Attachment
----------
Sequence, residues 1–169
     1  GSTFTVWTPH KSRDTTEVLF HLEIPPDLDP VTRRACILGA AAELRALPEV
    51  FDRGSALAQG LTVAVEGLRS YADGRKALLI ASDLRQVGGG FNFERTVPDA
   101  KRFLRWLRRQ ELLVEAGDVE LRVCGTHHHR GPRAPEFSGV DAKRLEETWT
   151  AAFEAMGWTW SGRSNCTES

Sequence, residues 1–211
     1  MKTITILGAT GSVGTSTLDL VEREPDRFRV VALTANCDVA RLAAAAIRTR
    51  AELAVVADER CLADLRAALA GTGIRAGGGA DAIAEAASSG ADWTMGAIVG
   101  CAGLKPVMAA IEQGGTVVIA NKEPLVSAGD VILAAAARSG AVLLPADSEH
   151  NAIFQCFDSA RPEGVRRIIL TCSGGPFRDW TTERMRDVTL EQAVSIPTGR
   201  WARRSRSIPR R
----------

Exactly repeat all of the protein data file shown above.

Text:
Sequence, residues 1–169
     1  GSTFTVWTPH KSRDTTEVLF HLEIPPDLDP VTRRACILGA AAELRALPEV
    51  FDRGSALAQG LTVAVEGLRS YADGRKALLI ASDLRQVGGG FNFERTVPDA
   101  KRFLRWLRRQ ELLVEAGDVE LRVCGTHHHR GPRAPEFSGV DAKRLEETWT
   151  AAFEAMGWTW SGRSNCTES

Sequence, residues 1–211
     1  MKTITILGAT GSVGTSTLDL VEREPDRFRV VALTANCDVA RLAAAAIRTR
    51  AELAVVADER CLADLRAALA GTGIRAGGGA DAIAEAASSG ADWTMGAIVG
   101  CAGLKPVMAA IEQGGTVVIA NKEPLVSAGD VILAAAARSG AVLLPADSEH
   151  NAIFQCFDSA RPEGVRRIIL TCSGGPFRDW TTERMRDVTL EQAVSIPTGR
   201  WARRSRSIPR R